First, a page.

Instructions to authors
- By “articles” we mean philosophical writings that expound in depth and rigor, either specific novel contributions resulting from the research itself, or a more general synthesis of previous research.
- “Notes and discussions” means writings that clearly and concisely present debatable questions, which may refer to a specific topic of study, to certain theses held by an author or to a current cultural situation of philosophical relevance.
- “Reviews” means writings which clearly and concisely set out and assess the contents of a relevant and recently published philosophical work.
2- Submission: Contributions of any of three types of writings may be sent as email attachments to firstname.lastname@example.org. Manuscripts should be accompanied by a brief academic curriculum vitae of the author, which will also include his or her current address, the place where he or she teaches or researches, if applicable, as well as the telephone number and e-mail address.
3- Language: Manuscripts written in spanish, any of the Romance Languages, Latin, German and English, are accepted.
4- Originality: All documents submitted for publication to ESPIRITU, either articles, notes and book reviews, must be entirely unpublished, and must be original works of the submitting author. While they are being evaluated for publication or undergoing editing, they must not be submitted to any other publication. Once an article has been published, authors retain the right to use it freely, provided that they cite its original publication in ESPIRITU.
5- Approval: It is up to the Editorial Board to decide on the publication of the journal’s writings. All articles will be previously evaluated by two specialists, who will not know the authorship of them. Within a period of two to six months from the date of submission, the author will be informed of whether or not his manuscript has been accepted, together with the comments made by those who have evaluated it in the case of an article.
6- Format: Articles will be presented in Word format. If a special spelling (e.g. Greek) is used, the embedded fonts will be attached for ease of reading and possible editing, as well as a copy of the article in PDF. The text should be composed as simply as possible, avoiding tabs, bold text and capital letters. Nor shall words be divided.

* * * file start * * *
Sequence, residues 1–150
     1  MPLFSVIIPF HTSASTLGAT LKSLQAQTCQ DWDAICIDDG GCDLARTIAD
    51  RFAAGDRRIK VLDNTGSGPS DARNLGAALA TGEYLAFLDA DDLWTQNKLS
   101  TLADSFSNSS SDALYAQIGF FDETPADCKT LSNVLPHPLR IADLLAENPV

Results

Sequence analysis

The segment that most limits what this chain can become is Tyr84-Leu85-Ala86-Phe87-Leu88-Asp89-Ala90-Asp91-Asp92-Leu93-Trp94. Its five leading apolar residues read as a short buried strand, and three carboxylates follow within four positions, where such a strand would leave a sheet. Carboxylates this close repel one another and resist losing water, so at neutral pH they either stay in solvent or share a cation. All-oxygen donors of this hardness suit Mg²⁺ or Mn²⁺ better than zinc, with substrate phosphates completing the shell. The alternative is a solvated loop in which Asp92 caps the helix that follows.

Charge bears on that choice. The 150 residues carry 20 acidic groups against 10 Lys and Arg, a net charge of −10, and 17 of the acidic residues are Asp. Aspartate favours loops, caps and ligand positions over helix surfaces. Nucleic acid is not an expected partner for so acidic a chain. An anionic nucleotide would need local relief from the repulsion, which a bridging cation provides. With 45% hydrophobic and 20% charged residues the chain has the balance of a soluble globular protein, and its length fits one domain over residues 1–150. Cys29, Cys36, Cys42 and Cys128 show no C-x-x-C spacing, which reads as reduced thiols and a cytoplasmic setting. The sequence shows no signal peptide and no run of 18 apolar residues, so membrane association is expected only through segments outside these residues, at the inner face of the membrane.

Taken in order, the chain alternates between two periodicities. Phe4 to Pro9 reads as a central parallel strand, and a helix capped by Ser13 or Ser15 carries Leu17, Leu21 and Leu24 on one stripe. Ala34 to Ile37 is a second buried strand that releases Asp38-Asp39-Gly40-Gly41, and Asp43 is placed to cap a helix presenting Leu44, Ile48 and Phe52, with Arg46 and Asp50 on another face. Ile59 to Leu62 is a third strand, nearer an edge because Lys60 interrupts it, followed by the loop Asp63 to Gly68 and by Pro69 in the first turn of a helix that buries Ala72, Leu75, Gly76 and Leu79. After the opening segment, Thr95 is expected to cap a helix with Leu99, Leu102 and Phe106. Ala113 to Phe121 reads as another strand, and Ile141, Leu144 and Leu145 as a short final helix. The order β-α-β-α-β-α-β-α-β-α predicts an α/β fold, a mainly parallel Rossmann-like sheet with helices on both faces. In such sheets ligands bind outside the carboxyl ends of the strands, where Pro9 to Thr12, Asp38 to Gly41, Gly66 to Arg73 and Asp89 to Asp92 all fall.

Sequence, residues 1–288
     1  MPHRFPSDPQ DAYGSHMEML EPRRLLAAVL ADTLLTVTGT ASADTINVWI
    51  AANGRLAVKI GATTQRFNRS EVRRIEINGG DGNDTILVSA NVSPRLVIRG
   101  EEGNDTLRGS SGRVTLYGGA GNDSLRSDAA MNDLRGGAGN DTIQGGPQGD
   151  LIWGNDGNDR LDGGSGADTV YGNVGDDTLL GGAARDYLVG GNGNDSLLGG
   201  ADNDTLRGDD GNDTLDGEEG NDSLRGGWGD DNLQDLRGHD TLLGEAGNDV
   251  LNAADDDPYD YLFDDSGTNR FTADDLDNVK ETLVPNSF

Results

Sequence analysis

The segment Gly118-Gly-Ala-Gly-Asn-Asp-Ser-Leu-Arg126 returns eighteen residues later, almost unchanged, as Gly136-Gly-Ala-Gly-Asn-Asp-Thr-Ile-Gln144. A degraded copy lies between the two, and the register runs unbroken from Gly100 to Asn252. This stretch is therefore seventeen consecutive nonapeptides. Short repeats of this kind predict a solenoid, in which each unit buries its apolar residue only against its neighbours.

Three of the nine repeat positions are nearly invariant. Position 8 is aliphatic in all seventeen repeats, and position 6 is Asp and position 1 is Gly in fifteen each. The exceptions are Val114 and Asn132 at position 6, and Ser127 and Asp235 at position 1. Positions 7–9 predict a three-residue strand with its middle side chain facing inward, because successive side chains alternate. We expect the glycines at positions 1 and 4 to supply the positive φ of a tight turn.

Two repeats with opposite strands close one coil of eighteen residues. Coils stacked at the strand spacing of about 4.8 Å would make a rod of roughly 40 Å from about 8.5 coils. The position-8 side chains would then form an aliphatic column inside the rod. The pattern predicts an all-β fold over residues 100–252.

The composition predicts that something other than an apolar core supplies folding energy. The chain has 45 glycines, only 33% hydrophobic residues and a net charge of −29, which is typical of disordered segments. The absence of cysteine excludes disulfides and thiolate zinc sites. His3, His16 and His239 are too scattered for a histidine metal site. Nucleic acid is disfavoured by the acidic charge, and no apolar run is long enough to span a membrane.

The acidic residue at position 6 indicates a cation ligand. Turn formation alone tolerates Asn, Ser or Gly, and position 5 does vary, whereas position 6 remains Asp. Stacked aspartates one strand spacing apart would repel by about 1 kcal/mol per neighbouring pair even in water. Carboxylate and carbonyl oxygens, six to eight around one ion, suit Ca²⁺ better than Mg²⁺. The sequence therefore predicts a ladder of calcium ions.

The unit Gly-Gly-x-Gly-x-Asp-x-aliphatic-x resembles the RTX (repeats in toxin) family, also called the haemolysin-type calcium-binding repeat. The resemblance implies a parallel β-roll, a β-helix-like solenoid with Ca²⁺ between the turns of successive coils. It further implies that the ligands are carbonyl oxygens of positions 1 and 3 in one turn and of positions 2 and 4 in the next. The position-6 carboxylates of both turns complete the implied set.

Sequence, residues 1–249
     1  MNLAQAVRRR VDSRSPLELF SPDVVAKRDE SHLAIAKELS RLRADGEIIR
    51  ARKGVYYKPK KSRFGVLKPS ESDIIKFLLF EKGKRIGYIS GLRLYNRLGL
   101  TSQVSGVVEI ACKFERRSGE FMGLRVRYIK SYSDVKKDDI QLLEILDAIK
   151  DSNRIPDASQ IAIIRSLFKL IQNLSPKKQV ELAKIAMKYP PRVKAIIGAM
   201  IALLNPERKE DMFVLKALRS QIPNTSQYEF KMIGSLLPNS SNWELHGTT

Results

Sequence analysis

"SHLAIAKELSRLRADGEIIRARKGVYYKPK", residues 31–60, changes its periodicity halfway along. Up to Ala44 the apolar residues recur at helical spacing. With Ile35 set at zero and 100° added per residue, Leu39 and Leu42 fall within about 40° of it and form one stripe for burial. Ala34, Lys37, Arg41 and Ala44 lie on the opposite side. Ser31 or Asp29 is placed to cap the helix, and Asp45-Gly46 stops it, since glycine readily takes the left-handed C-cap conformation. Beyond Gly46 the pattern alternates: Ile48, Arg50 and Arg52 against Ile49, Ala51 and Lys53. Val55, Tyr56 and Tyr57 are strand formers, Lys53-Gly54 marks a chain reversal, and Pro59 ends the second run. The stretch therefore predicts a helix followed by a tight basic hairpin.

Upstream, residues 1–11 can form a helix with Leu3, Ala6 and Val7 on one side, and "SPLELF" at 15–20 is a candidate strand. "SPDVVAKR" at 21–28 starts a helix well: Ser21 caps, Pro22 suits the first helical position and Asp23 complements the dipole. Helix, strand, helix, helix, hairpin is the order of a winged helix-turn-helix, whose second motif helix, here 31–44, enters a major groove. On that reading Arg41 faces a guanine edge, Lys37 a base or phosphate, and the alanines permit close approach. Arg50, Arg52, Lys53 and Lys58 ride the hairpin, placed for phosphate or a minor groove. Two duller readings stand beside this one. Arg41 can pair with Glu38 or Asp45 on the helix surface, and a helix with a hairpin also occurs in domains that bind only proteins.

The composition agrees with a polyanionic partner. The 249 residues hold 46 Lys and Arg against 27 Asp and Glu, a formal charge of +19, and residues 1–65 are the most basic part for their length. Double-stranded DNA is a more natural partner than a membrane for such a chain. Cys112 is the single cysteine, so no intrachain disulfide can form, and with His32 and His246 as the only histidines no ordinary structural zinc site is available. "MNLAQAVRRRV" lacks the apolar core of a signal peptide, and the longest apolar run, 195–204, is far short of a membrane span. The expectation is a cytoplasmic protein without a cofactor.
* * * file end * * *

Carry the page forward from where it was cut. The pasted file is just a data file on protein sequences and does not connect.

Formal characteristics of articles:
8- Additional information: At the beginning of the article, the title will be given in the language in which the work is written, as well as the author’s name and surname. At the end of the article, the name and surname of the author, the institution in which he collaborates and the email address will be indicated. The titles in English and Spanish are for the abstract which together with the abstract and the key words will go in a separate document. The abstract must be no more than 100 words in Spanish and English and, in the same languages, four key words representing the content of the article.
9- Divisions: The parts dividing the article shall be indicated by Roman numerals (I, II,…) and the subdivisions shall be indicated by Roman numerals followed by Arabic numerals (I.1, I.2, II.1,…). It is recommended not to enter more than two levels of sections.
10- Quotations: If the quotations are short (three lines or less), are kept in the body of the article and are in quotation marks (“…”); if they are longer, they should be in a separate paragraph, without quotation marks and with margins to the left and right of 1.5 cm. You can choose one of the following citation systems:
- Abbreviated system: Bibliographic references will be indicated in the text at the end of each quotation by a parenthesis containing author, year of appearance of the work and page number. Example: (Canals, 1987, 632).
- Traditional system: Bibliographic references will be indicated by footnotes. (F. Canals, On the Essence of Knowledge, 87-89). If the work has been cited immediately before, you can put Ibidem. The names of the authors in the footnotes are in small capital letters, not in capital letters.
11- Bibliographic references: At the end of the article and ordered alphabetically according to the surnames of the authors, bibliographic references should be listed as follows:
BOOKS: Canals Vidal, F. (1987). Sobre la esencia del conocimiento. Barcelona: PPU.
BOOK CHAPTERS: Petit Sullá, J. M. (2004). Experiencia y causalidad en Metafísica A, 1. En J. M. Petit – J. M. Romero (Coords.), La síntesis de santo Tomás de Aquino. Actas del Congreso de la SITAE Barcelona. Barcelona: Publicacions i Edicions de la Universitat de Barcelona, 231-261.
ARTICLES: Boyer, Ch. (1924). Le sens d’un texte de Saint Thomas: ‘De Veritate, q. 1, a. 9’. Gregorianum 5, 2, 424-43.
(With works by the same author, the name disappears in the second and is put chronologically starting with the oldest. If there is more than one work in the same year, a letter is placed behind each one. (2003a) (2003b).
Formal characteristics of discussions, notes and reviews:
13- Quotations: If possible, notes, discussions and reviews will be made without quotations, or with as few quotations as possible. If there are citations, all the data of the work are put in the notes and bibliographic references are avoided at the end. R. Allers (1957). Naturaleza y Educación del carácter. Barcelona: Labor. If you cite again only author, title and pages. R. Allers, Naturaleza y educación del carácter, 57.
14- Bibliographical reference of the work reviewed: All the bibliographical data of the work reviewed will be included with precision: Íñigo García Elton, La bondad y la malicia de los actos humanos según Juan Poinsot (Juan de Santo Tomás). Cuadernos de Pensamiento Español. Pamplona: EUNSA, 2010, 170 pp. ISSN: 1696-0637.